Then there's the question of random access rather than raw sequential bandwidth. OCZ pegs the RevoDrive 3 X2 480GB at 200,000 IOPs for 4k aligned random writes, which bodes well. But as we've learned, when it comes to SSD random access performance, the practice doesn't always match the theory.
Performance is nothing without control, which is where OCZ's original RevoDrive PCI-e SSD fell short. It didn't support TRIM command or SMART data. Together these features help keep SSDs fast and fit. The good news is that the new RevoDrive 3 adds support for both. We'll get into the details momentarily, but the simple version is that it's OCZ's VCA 2.0 (Virtual Controller Architecture) software layer that works the magic. The bad news is that issues on the OS side remain. Again, more on that in a moment.
What we have, therefore, is a storage solution that seems to come tantalisingly close to offering the complete package. It's fully bootable. It's silly fast. And it delivers on its half of the TRIM support equation. But is it really that much better than an ordinary SSD or conventional RAID array?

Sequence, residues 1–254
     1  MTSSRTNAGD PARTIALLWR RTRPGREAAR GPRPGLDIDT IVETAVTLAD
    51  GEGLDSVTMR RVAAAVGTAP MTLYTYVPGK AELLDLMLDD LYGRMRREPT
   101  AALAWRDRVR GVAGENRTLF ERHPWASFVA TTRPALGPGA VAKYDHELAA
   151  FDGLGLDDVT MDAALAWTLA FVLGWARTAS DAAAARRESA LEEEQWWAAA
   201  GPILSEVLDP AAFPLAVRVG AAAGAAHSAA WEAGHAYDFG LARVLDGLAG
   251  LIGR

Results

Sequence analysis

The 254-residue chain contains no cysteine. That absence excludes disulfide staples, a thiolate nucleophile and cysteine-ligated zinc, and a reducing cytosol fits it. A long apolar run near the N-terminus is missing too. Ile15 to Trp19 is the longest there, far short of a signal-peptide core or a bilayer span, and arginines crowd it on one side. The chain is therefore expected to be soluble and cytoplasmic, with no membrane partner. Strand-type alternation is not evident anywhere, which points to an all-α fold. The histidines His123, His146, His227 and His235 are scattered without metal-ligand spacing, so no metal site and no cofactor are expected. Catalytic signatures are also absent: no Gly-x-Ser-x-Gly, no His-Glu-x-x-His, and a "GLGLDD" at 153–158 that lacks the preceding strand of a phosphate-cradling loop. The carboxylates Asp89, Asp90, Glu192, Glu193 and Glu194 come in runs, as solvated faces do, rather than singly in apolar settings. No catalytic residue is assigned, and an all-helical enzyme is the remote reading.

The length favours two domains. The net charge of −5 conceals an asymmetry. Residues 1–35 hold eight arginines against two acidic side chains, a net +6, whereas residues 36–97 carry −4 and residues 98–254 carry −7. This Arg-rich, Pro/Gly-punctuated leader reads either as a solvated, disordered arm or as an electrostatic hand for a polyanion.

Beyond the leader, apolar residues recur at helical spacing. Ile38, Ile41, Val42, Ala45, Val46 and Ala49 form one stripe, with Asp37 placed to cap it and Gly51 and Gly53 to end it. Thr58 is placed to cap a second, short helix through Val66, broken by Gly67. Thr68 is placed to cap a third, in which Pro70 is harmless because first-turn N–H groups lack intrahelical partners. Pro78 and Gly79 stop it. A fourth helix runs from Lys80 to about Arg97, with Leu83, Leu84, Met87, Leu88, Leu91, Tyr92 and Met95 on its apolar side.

First, a little lesson in nomenclature. The 'X2' in OCZ RevoDrive 3 X2 480GB means this is a double-decker card with a pair of PCBs. Think of it as two SSDs per board. Together, the two boards form a single drop-in PCI-e board in four-lane format.
So, you'll need at least one PCI-e port of minimum four-lane spec available in your PC. The RevoDrive 3 X2 will, of course, happily hook up to an eight or 16-lane PCI-e socket, though there are no performance benefits to be had.
Each of the two PCBs has a pair of cutting edge SF-2281 SandForce controllers and 240GB of asynchronous NAND flash split into 16 chip arrays. For the record, the flash chips are 25nm Micron items. That means lower write/erase longevity of around 5,000 cycles compared with the typical 10,000 or more cycles of previous generations of flash memory.